bakeapple


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bakeapple

Canadian the fruit of the cloudberry
References in periodicals archive ?
Bakeapples are amber and more expensive as they are harder to find and are a sweeter flavour.
Among visitors to the province, discussion about how bakeapples got their name [which Bill Casselman asserts is "a one-hundred percent Canadian word" (1998: 12)] is frequent, and often occurs around the supper or breakfast table at inns and B&Bs.
Bakeapples are said to be named by another linguistic misunderstanding.
He elaborated, "From bakeapples we learned how hard people work to collect them from the bogs.
Dave's exuberant response to bakeapples combines surprise at not being familiar with such a wonderful foodstuff, and pleasure in having finally "discovered" it.
Bakeapples (also known as bog-apple, yellowberry and cloudberry, particularly in Scandinavia, and baked apple berry), for example, composed of large drupelets or pericarps, have a form similar to raspberries and blackberries.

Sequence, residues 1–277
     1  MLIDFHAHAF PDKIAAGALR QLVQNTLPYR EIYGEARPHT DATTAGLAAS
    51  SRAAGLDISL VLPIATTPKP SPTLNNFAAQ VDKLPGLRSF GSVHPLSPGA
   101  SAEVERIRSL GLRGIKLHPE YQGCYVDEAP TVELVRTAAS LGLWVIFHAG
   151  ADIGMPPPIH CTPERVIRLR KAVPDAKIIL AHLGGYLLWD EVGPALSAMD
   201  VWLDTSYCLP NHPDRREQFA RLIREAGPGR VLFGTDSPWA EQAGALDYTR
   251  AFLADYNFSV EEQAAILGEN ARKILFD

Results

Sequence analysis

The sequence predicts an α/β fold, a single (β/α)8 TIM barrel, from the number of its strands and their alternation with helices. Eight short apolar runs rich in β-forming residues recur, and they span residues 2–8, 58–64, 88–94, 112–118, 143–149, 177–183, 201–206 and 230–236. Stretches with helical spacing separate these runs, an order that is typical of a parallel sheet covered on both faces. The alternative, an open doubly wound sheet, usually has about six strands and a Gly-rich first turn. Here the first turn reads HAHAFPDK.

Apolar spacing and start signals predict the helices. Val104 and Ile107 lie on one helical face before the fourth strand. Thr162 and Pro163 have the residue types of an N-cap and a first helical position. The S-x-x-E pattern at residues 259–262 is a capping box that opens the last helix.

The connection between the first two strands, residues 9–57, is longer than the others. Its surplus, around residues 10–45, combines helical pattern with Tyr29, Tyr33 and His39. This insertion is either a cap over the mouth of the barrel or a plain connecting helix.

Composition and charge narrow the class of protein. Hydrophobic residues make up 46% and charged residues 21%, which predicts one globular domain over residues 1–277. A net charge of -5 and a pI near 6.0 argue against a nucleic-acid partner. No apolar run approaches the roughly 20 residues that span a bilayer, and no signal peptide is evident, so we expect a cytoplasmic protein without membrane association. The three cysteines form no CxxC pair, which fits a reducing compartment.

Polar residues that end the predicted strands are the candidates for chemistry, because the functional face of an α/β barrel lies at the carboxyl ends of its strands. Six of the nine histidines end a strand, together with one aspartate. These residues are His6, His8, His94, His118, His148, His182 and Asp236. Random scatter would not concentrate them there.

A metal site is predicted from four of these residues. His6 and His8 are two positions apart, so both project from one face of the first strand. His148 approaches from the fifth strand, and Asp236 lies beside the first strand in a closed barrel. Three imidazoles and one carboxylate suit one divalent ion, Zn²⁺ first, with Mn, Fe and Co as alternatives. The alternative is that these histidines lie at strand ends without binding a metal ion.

My visit on August 20, 2001, which coincided with the arrival of three tour buses, provided me the opportunity to explain what bakeapples are to a tourist from Quebec.
Not only are edible berries fundamentally healthful, but even hitherto unknown (to visitors) varieties, such as partridgeberries and bakeapples, come in familiar shapes, sizes and colours.
Look for roadside stands in midsummer, or pick your own blueberries, strawberries, partridgeberries or bakeapples (Karr 2002: 9).
On the headlands and in the bogs berries ripened in billions, wild currants, gooseberries, ground hurts, cranberries, marshberries, partridgeberries, squashberries, late wild strawberries, crowberries, cloudy bakeapples stiff above maroon leaves.